Data from Teagasc and laboratories around the country indicate a very serious deficit of P, K, and lime in Irish soils. This has to be rectified as soon as possible in order to make best use of N, for high yields.

In order to provide winter feed, some farmers will have to continue to feed more concentrates than normal.

Cows should not be forced to graze too tightly (under 3.5cm) as this will reduce grass growth and can have a serious affect on fertility and milk production.

While grass is scarce, an extra kilogram of meal costing around 20c should produce 1kg extra of milk worth about 23c, as well as keeping cows in proper condition for breeding and good health.

It will not be possible to provide adequate silage on many dairy farms, especially if they don’t have the normal supply of after-grass coming back into the grazing system in late June or in July.

Now is the best time to make provisions for next winter; as the year progresses, the options will become more difficult and costly.

Some farmers are depending on late cuts of silage to make up for any deficits in winter feeds.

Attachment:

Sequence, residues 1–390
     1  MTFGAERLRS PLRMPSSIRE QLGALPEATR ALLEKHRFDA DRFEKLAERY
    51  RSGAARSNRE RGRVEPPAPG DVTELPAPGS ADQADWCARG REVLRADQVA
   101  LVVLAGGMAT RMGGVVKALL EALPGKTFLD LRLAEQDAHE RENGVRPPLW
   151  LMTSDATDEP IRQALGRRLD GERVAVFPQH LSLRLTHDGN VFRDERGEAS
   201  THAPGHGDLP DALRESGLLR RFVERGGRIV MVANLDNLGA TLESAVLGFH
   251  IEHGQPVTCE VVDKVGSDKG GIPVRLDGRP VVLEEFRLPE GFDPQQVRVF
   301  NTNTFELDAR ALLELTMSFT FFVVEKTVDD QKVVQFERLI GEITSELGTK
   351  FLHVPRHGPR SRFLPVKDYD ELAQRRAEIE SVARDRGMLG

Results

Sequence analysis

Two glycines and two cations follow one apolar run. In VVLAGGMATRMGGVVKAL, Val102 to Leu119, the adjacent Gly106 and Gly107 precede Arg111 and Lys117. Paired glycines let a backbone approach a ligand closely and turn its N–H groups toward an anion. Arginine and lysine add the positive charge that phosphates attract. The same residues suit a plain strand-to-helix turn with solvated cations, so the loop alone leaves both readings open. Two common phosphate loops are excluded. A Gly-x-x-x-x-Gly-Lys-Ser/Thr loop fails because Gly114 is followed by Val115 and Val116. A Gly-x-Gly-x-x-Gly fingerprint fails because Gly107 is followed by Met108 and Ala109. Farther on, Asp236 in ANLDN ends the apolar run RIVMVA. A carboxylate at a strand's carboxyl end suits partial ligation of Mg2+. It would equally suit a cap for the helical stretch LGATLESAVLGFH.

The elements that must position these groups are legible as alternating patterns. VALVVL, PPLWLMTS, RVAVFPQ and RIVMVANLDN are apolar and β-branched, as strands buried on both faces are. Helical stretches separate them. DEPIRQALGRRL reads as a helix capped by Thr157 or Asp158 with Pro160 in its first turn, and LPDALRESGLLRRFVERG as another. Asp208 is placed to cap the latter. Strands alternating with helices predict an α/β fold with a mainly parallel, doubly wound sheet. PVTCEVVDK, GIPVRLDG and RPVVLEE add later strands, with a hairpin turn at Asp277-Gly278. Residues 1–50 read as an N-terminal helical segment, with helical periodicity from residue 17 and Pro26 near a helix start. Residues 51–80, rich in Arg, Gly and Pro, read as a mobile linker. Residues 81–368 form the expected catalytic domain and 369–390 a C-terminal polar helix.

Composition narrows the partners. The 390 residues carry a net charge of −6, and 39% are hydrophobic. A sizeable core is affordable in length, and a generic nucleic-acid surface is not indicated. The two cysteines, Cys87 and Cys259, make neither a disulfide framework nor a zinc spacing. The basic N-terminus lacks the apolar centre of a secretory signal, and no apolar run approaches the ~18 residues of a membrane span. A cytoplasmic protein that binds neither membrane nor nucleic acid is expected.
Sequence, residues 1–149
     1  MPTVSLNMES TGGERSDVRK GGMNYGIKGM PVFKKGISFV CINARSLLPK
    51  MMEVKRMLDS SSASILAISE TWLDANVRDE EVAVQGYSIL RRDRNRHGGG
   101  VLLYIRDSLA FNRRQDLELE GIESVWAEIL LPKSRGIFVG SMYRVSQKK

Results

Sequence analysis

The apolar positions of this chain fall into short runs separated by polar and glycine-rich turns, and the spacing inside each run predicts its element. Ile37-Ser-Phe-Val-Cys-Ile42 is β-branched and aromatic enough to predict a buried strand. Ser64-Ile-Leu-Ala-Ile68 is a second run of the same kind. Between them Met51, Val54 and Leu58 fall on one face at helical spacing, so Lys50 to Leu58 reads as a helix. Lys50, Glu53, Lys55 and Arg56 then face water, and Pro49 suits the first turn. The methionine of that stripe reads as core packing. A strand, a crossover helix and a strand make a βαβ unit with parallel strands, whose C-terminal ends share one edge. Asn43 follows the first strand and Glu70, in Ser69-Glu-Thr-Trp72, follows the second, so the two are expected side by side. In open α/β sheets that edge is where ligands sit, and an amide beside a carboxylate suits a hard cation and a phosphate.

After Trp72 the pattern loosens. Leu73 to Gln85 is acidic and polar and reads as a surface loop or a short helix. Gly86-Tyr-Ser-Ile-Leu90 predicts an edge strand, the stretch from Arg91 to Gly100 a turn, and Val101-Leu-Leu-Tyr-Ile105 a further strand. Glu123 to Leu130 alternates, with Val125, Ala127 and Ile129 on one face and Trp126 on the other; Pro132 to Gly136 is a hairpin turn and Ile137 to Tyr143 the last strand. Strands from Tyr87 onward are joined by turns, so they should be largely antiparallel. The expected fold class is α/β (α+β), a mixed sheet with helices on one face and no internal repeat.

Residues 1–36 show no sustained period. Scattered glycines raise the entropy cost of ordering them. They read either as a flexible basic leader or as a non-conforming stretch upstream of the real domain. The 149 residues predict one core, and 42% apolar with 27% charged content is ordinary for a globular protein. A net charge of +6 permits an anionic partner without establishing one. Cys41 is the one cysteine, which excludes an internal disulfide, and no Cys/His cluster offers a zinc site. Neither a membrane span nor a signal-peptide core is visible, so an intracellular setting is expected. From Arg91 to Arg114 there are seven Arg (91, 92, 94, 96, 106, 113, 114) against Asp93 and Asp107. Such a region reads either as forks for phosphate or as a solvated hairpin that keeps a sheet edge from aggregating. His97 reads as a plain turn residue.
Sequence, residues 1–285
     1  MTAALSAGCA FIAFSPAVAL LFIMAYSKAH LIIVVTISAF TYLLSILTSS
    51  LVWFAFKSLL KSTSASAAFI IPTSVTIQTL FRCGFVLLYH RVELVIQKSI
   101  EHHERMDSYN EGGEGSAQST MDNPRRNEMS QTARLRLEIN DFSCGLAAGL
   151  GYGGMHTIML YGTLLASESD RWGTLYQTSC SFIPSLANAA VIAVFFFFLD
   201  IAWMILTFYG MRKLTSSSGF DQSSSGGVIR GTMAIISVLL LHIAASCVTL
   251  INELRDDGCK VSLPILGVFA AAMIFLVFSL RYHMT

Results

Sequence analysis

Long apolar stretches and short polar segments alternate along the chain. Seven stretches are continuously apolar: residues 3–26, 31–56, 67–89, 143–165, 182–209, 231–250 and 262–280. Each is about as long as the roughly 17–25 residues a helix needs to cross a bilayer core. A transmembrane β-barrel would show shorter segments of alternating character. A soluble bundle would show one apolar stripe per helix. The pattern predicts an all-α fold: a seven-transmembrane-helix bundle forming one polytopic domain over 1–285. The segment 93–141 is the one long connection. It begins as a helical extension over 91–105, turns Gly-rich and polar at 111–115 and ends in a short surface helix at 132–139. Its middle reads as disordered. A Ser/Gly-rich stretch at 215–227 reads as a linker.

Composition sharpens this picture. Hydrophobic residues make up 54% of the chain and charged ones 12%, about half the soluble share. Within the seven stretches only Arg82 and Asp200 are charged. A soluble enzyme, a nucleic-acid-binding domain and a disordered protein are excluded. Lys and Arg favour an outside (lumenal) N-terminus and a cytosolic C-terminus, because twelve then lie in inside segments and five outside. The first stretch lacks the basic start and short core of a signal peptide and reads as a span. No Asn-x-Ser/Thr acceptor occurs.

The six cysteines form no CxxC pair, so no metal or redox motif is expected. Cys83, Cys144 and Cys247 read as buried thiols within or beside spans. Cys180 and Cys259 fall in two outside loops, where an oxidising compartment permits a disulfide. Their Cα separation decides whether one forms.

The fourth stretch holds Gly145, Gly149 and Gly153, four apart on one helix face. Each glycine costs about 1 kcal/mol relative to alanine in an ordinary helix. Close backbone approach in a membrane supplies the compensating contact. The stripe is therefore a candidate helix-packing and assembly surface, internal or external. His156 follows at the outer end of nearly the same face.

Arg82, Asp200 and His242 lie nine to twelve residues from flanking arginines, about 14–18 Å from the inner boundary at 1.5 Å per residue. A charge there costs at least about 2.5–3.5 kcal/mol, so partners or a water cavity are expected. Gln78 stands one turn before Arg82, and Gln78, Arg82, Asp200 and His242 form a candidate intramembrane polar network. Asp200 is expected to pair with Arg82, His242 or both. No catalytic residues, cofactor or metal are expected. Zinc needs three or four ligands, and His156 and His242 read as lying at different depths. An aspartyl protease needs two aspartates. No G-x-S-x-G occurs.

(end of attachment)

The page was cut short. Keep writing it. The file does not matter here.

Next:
With proper application of fertilisers, this should be possible on medium and low stocked farms.

Avoid leaving crops bulk up too much. Leaving crops go more than one week after heading out is not adding any extra feed to the crop.

In fact, the amount of digestible feed is actually decreasing. In addition, serious damage is being caused to the sward and very little after grass will be produced.

About 80 units of N per acre (plus sulphur) is the general recommendation for later cut silage. 

However, a number of factors have to be considered before applying N for silage. 

Good-quality ryegrass pastures, especially those reseeded in the past four years, will respond to 20 units more than poor quality, old, low-ryegrass pastures, and of course, they yield around one third more silage.